• Gift tax in the range of seven percent to 40 percent, levied on the value of property, reduced by related debts and other liabilities, donated between certain (non-related) individuals and between legal entities
  • Inheritance tax in the range of 3.5 percent to 20 percent levied on the net value of property inherited by certain non-related individuals and by legal entities
  • Real estate transfer tax of three percent levied on the higher of purchase price or administrative value of transferred real estate

Are there any other indirect taxes of which we should be aware?

Besides VAT, there are also excise taxes levied on consumption of mineral oils, used oils, alcohol, beer, wine and intermediate products and tobacco products.

In addition, as of 2008, three new environmental taxes have been introduced. These so-called “energy taxes” are levied on supplies of electricity, natural and other gases and solid fuels and are paid by the suppliers of the fuels to end-users in the Czech Republic.

Cross-Border Payments

Would there be any WHT on royalties paid by a local company to a non-resident?

Payments for the use, or the right to use, of industrial rights, software, know-how and copyrights as well as for leasing of equipment are subject to withholding tax at a rate of 15 percent as of January 1, 2008, if paid to a non-Czech resident. There is a reduced five percent rate for financial leases. This tax rate can be reduced by virtue of the relevant double taxation treaty. Usually the rate for copyright royalties is lower (or nil) than the rate for industrial royalties.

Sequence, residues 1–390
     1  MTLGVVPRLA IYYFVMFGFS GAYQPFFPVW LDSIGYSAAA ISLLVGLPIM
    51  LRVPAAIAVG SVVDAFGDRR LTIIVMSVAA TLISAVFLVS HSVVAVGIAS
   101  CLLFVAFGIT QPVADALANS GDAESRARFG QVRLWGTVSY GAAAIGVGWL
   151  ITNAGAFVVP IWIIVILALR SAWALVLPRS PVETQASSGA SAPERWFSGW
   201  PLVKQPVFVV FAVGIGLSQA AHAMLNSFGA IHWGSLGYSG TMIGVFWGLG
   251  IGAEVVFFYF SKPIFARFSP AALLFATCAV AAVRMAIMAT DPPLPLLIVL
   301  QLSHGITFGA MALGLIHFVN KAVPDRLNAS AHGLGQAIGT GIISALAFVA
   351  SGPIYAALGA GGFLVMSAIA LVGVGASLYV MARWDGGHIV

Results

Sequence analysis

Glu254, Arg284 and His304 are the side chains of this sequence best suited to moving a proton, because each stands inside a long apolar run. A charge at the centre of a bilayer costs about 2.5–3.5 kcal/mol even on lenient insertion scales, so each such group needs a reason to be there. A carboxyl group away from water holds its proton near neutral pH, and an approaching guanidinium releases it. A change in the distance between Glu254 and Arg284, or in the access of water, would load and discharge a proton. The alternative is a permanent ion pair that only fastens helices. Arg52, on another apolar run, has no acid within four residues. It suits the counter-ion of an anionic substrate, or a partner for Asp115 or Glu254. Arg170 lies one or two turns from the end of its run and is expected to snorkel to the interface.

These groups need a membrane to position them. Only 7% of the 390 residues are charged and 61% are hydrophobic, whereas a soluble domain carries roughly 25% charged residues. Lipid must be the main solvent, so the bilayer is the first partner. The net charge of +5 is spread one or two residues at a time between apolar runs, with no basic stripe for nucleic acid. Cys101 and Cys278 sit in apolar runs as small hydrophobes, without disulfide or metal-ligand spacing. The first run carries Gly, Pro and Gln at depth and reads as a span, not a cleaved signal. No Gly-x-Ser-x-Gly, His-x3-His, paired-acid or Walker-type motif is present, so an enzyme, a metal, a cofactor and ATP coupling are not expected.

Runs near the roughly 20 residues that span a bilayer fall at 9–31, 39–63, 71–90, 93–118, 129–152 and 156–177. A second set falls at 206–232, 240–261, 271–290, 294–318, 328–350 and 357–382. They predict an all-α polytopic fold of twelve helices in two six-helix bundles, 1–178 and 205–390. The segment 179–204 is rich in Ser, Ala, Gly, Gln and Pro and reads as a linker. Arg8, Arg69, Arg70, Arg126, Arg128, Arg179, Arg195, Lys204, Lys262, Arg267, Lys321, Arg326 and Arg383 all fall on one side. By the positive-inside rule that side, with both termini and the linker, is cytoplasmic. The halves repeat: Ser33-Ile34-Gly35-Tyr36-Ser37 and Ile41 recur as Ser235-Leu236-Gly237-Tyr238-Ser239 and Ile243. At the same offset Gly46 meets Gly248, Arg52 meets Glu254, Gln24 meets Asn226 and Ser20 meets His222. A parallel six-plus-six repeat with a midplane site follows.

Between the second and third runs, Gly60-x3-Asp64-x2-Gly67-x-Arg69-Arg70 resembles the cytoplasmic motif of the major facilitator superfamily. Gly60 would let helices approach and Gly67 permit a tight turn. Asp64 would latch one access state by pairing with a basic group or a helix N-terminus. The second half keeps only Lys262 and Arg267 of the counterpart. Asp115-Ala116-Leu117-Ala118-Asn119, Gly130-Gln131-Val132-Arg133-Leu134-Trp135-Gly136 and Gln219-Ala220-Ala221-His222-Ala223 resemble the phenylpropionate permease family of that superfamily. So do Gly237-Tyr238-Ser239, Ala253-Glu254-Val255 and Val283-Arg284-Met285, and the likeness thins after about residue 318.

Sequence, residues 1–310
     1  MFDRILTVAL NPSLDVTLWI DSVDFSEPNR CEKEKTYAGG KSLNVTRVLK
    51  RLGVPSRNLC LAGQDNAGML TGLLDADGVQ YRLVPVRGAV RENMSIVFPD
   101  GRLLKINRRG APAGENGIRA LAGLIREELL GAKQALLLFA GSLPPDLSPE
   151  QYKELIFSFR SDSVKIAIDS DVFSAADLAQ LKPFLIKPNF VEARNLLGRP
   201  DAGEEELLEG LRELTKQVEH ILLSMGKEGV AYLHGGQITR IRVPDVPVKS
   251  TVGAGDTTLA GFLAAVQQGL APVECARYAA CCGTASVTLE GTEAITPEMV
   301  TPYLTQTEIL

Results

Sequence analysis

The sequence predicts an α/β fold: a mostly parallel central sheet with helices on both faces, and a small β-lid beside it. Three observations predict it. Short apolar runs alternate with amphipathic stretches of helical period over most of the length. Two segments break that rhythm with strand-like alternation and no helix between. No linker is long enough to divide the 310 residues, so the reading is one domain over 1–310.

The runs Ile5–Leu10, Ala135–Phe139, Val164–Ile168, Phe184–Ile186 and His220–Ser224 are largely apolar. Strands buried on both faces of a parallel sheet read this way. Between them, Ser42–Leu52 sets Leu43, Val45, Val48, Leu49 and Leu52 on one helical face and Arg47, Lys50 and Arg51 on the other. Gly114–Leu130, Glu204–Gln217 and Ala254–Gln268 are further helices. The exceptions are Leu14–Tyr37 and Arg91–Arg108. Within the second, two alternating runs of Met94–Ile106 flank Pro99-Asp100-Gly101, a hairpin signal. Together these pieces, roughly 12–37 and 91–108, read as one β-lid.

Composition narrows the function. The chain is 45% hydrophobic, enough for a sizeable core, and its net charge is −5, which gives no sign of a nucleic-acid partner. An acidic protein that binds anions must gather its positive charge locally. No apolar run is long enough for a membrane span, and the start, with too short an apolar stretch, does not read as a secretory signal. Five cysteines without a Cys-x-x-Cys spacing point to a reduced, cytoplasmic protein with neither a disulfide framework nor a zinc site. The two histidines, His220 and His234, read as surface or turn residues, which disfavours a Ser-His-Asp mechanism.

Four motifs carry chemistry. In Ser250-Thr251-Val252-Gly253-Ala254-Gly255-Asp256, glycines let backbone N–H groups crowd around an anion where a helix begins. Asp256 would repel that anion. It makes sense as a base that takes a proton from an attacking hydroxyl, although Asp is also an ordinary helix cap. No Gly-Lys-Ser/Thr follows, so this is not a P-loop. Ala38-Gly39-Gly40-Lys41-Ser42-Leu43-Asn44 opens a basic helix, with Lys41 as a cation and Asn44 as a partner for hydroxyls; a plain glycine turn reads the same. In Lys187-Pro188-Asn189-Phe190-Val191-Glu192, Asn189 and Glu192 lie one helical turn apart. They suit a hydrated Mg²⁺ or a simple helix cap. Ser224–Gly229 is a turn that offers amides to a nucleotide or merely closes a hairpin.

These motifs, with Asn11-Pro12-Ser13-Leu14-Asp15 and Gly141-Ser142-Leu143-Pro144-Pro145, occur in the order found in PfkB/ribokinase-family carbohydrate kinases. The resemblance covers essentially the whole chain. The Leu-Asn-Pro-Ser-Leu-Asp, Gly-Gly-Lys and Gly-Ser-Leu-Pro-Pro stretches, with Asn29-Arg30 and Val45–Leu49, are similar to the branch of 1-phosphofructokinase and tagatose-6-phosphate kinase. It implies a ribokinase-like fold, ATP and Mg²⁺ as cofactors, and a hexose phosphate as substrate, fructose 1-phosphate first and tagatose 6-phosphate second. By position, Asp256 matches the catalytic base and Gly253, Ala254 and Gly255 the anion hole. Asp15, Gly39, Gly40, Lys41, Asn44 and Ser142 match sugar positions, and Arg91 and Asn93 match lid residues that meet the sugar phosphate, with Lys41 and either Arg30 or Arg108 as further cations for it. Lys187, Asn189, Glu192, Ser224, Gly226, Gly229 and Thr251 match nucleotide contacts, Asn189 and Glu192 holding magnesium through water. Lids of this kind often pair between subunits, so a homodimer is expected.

The EU Interest and Royalty Directive was implemented into Czech law with respect to royalties effective from January 1, 2011. Royalty payments to qualifying residents of the EU Member States and Switzerland will be then exempt from WHT if the directive criteria are met.

Would there be any WHT on interest paid by a local company to a non-resident?

There is a 15 percent withholding tax on interest paid to foreign residents. This rate is reduced by the virtue of most tax treaties; often the treaty rate is nil.

The EU Interest and Royalty Directive (I/R Directive) was implemented into the Czech law, for interest effective from May 1, 2004. This means that interest payments to qualifying residents of the EU Member States and Switzerland are exempt from WHT if the directive criteria are met. Prior consent of the tax authorities is required for the application of the I/R Directive exemption.